The Scarlet & Black

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The Scarlet & Black

The Scarlet & Black

Feven Getachew
Feven Getachew
May 6, 2024
Michael Lozada
Michael Lozada
May 6, 2024
Nathan Hoffman
Nathan Hoffman
May 6, 2024
Harvey Wilhelm `24.
Harvey Wilhelm
May 6, 2024

Chill cats from Chi-town

Tonight at 9 p.m., Gardner Lounge will showcase a Chicago-centric event, with performances from artists Milo & Otis, Noname Gypsy and April Fools, who all call Chicago home and are at the forefront of a beautiful musical movement.

Both Milo & Otis and Noname Gypsy center their songs around the ephemeral personality of the Windy City that shaped them. Their songs are lyrically rich and expressive in ways that inspire a sense of nostalgia for a time of early R&B.

Milo & Otis is composed of vocalist Jamila Woods, who performs as “Milo,” and bass guitarist and writer Owen Hill  (“Otis”). According to their website, they consider themselves an alt­-soul group.

“Jamila is so forceful of a vocalist … she’s almost a modern Janis Joplin,” said Damon Williams ’14, half of the sibling duo, April Fools, that will be opening the night. “Their chemistry on­stage can blow you away, and their lyrics are incredibly meaningful.”

The name Milo & Otis was inspired by “The Adventures of Milo and Otis,” an adorable Japanese film about the wonderful friendship between two unusual animals: Milo the orange tabby cat and Otis the pug. It’s a fitting metaphor for their energy. And although their songs are endearing, they address important and meaningful issues such as self-­empowerment and American culture as a whole.

“Part of the richness of the Chicago music scene is the wide breadth of modes that people use to tell a story that happens in the same place. The theme is … trying to bring people together. They do it in very different ways based on their medium, but that’s a common link,” said Daniel Kisslinger ’14, a member of the Concerts Committee and a driving force behind the event. “The fact that a lot of Grinnellians are from Chicago made me really want to bring this together. Chicago, in a way, is a home away from home … there’s a huge regional connection to Grinnell.”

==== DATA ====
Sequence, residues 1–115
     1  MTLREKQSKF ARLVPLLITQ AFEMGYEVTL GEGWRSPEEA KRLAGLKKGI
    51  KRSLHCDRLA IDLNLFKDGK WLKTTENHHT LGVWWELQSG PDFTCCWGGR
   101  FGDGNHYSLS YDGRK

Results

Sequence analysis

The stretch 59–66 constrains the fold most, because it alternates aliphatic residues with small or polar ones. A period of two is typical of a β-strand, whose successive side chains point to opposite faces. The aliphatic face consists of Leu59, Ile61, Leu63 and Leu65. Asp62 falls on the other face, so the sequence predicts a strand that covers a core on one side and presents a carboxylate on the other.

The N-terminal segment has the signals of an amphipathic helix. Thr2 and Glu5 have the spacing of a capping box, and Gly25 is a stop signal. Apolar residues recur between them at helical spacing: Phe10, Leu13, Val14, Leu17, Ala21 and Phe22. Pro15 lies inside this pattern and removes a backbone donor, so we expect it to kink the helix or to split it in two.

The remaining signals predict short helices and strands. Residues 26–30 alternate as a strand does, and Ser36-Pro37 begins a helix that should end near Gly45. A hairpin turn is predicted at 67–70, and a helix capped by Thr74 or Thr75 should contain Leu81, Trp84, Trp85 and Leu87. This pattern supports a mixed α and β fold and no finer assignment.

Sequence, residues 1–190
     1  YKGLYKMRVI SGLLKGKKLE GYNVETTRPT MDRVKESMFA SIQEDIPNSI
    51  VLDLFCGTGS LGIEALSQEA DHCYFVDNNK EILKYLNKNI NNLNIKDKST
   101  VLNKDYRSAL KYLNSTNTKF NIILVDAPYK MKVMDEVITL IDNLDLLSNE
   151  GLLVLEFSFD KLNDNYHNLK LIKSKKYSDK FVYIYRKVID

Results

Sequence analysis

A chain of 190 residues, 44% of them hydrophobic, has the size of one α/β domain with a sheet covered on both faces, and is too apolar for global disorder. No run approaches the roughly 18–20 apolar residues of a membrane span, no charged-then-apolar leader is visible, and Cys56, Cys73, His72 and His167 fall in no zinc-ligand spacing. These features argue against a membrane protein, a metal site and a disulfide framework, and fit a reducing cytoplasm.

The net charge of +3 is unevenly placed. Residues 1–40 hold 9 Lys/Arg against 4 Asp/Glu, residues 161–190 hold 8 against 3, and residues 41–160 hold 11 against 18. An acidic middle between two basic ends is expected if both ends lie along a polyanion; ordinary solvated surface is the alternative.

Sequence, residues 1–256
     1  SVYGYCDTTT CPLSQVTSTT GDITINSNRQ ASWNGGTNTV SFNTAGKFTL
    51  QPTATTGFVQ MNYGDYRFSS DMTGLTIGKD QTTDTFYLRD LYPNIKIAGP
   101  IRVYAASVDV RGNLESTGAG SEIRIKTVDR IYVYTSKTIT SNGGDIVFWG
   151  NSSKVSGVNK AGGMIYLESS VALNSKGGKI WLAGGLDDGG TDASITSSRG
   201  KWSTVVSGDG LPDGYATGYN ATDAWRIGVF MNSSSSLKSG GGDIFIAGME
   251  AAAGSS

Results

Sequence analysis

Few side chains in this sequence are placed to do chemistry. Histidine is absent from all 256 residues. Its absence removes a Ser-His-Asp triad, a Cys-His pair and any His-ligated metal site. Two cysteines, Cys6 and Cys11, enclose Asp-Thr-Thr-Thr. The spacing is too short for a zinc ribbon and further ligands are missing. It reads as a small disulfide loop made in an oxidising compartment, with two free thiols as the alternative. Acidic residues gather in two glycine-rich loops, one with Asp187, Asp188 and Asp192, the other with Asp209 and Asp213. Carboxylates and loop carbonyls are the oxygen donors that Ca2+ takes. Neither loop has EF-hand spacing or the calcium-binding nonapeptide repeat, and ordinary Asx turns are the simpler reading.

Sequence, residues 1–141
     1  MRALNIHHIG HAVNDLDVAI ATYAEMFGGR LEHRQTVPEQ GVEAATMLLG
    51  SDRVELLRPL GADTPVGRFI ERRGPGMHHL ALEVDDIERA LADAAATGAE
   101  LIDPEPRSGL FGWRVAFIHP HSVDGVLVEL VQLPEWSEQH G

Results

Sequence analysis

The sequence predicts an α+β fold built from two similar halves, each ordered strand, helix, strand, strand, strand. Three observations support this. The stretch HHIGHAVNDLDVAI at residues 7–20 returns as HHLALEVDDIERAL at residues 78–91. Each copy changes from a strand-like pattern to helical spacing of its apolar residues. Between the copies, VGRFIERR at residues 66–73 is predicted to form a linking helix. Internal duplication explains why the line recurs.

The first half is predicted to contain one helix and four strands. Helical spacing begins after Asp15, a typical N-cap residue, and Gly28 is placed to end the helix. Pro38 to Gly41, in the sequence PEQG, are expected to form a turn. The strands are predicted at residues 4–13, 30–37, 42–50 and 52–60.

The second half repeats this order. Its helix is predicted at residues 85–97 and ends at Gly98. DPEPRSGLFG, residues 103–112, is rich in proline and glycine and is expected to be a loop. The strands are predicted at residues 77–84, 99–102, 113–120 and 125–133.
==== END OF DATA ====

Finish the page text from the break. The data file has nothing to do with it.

Another act of the night, Fatimah Warner, who performs under the stage name Noname Gypsy, has become known as an up­-and-­comer in Chicago’s underground rap scene after being featured in the song “Lost” on Chance The Rapper’s “Acid Rap” mixtape, and she shows no sign of slowing down.

“Catch her while you can,” Williams said. “Anyone who doesn’t go to this show will be really disappointed that they missed out on this opportunity a few years down the line. She really set the tone on diversity and … is a huge part of this Chicago renaissance.”

Listening to Warner rap is the musical equivalent of eating Chicago-style deep dish pizza: it’s an intensely satisfying experience both emotionally and spiritually. Lyrics like, “Die within/lie with him/on a top notch bed of locusts/ I’m ready to make good on a bed with the roses” lay bare Gypsy’s self in such a way that begs another listen.

“She has a really interesting flow and cadence of rap,” said James Marlow ’16, a member of the Concerts Committee. “It’s very similar to spoken word. She’s a genuine poet.”

Williams and his sister Kristiana Colón, forming the group April Fools, will follow Noname Gypsy’s performance.

“Our mother’s name is April, and her birthday is also April Fool’s Day,” Williams explained. “We named our band April Fools to honor her.”

April Fools vibes with both Noname Gypsy and Milo & Otis, putting an emphasis on originality and innovation.

“We’re trying to blend the idea of being intellectual. We want to avoid sounding like other rappers,” Williams said. “Originality is my biggest goal. I enjoy taking clichés and flipping them.”

Williams took an interest in becoming a musician when he, following in his sister’s footsteps, participated in Young Chicago Authors (YCA), which sponsors writers’ workshops for the greater Chicago community, as well as the famous Louder Than A Bomb poetry festival that was started by poet Kevin Coval, who visited campus yesterday. Like Chance The Rapper, all three bands performing Friday night are YCA alumni—a program started as a means of providing Chicagoans with the necessary tools to express themselves.

“The beauty of the organization [YCA] is that the term ‘author’ is used very loosely—almost as a term to empower you,” Williams said. “It’s not somewhere for people to try and show off. Someone who just wrote their first poem yesterday gets the same applause as Chance.”

For all of these reasons, tonight’s concert brings together a lot of special performers.

“I would say that this concert will bring people together, even in the microcosm of our campus,” Kisslinger said. “Music ends up being [a] kind of niche; this one really has the potential to bring people together from all sides of campus.”

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